Tonight, I'm going to try to tip-toe around some depressing topics without getting all depressy. This is partially because I don't want to go there tonight and partially because I've been thinking about some things that I find interesting.
My focus tonight is a topic, or series of topics, maybe, very near and dear to my heart. Rejection. Failure. Choices.
That's what an awful lot of the world is all about. And I don't understand why.
I mean, think back on the evolution of our species. Choices, certainly, were pretty big for us. Failure, also, meant quite a bit. Both issues were crucial in the long term outcome of mankind.
But rejection. What's that about?
No, even that's the wrong question. There are a million things that rejection can be all about. Most obvious and simple is that we're all looking for the fittest of the fit.
So what am I getting at tonight?
Yesterday I got rejected for approximately the 8000th job. Last night I went to a dinner in which one of the chief justices of the Kansas supreme court and I reminisced about our job interview failures.... Only Madam Chief Justice's story was about how she'd forgotten the name of one of the five high power, high money Washington, D.C. firms she'd interviewed with, and my story had to do with being rejected over the phone for a job that - I think - paid $11 an hour.
Talk about two distinct points of view.
Almost all of my law school friends have jobs now. The ones who don't have summer plans.
Maybe that's it. I've never been here before. (I've also never used as many 'e's in a sentences as that. Two in every word but the first! Wow!)
Um. Back on point. I've never been in this position before. I am the odd man out. I'm, all of a sudden, the kid who gets picked last for kickball, not because I suck at kickball, but because everyone else just happens to be a little bit better than I am.
And it's true in every aspect of the job search. I don't have the grades to go into the big time defense jobs. I don't have the interviewing skills to wow the mid-size firms of the world. I don't have the integrity to send out a million applications the super small time firms of the region. And I don't have the personality or connections to accidentally fall into a job.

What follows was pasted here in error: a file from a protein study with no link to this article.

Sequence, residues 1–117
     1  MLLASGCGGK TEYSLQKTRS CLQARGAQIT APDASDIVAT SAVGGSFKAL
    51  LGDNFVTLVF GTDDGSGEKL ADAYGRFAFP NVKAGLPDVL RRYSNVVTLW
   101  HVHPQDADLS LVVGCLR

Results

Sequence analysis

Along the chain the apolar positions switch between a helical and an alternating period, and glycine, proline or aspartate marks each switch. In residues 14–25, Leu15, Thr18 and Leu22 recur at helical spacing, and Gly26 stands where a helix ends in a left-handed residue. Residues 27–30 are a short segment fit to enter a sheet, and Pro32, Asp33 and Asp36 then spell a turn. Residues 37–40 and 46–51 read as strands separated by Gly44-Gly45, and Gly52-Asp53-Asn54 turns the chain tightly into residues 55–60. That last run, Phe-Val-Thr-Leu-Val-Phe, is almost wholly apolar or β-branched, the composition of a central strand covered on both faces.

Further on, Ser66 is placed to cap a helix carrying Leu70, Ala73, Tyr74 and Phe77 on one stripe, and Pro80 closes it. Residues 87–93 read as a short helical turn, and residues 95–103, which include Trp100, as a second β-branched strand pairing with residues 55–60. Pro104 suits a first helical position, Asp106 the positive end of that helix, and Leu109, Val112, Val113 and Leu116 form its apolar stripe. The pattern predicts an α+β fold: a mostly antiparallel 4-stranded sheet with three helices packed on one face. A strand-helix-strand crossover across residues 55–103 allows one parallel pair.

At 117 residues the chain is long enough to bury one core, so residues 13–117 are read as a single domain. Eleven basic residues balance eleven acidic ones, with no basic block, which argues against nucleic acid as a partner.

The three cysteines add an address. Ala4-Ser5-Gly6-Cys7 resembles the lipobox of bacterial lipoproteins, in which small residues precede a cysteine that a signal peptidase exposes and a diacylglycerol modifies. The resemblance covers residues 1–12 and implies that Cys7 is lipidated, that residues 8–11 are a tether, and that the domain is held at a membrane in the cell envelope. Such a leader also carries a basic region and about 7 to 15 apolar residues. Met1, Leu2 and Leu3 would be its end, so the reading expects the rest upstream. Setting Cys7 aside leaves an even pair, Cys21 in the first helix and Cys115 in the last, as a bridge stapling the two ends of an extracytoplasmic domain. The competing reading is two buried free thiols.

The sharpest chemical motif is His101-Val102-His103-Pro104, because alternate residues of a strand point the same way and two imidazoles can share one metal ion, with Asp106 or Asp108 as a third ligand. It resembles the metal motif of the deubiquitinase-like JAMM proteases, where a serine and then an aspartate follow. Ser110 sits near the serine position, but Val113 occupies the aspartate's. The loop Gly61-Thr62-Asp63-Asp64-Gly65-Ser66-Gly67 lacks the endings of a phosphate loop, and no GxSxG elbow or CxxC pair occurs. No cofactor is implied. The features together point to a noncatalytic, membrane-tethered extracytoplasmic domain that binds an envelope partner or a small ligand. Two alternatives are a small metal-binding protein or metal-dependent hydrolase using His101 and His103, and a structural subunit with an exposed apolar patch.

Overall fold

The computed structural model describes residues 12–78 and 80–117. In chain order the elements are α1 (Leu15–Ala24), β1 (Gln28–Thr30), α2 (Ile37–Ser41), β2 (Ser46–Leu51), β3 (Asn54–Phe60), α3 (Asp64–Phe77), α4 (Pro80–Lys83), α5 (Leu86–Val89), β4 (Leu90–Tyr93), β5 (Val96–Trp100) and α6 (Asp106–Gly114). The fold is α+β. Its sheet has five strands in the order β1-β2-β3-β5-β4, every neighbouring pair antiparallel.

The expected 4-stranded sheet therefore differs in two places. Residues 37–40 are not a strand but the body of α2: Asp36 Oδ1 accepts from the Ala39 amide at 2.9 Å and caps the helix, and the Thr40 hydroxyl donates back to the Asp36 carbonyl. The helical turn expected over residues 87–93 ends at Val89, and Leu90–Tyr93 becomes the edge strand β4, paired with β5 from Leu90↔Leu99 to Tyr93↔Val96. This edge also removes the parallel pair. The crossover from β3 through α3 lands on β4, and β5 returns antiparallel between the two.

I'm the first alternative. The first runner-up. The person they'd hire if they could hire two. And even that is on a good day. On a bad day, I'm the person who gets rejected out of hand.
Thing is, I think we all already know that. Lord knows I've bitched about it enough. Why write tonight? Why keep going on about these things, if the problem has already been so well-defined?
I keep writing, because I keep looking for the way out of this mess. The third issue. Choices. For all that I complain about the problem, I've never really addressed the solutions. And why haven't I addressed them?
I don't know. (Mind you, this isn't the pissed off, defensive type of I don't know. This is the kind of "I don't know," where the tired old man shrugs his shoulders and hangs his head.) Maybe it's a little to do with fear. Some of the choices leave me a poor, financially strapped man with very little hope of ever breaking my head above water. I mean, do I stop? Is that the solution? Do I quit law school altogether? Sure, I have a ton of loans, but a law job won't get rid of them, if I don't GET a law job.
There are other solutions, beyond giving up, but giving up feels so much like a nice enemy that I know. I know where that path will lead me. I don't have any idea my current path is leading. I'm not going to be on the KU Law board of governors. I can comfortably say that, I think. I'm probably not going to be a judge. I will not graduate with honors. I will not have been on Law Review, Law Journal, nor the Moot Court Council. I'll have gotten nearly every position I've ever won because I ran either unopposed or against disinterested competition. I will never have received a CALI award of excellence.
And, with all of that said, my resume still looks nice. The thing it is missing is the thing that would turn me into a good lawyer. The instinct. The will. The WIN.
That's it. That's the thing I'm missing. The win. I am not the best at anything at all. I'm the guy who is decent at things. I'm a middle cog. To borrow from another metaphor, I live in a perpetual state of spinning my wheels.
Thing is, I don't think I can change that. At least, not while in law school. Maybe when I hit the real world and things start to count. Maybe then I'll be able to move out of this malaise.
But perhaps not. Perhaps the options are really very simple. I can either quit/finish law school and stop this whole lawyer thing altogether, or I can finish, become a public defender, do the loan forgiveness thing, and quietly accept that I am who I am.
And, for my most likely option, maybe I'll go another way completely, ending up doing something that is acceptable but not optimal. (i.e. Montana State... eh, not bad. Not the George Washington U., but not bad.) I guess I can cross my fingers for that one.
But wouldn't it be cool if I wasn't stuck with these choices? Wouldn't it be cool if I were the person who was having a hard time, because I had two awesome job offers, and I couldn't pick between them?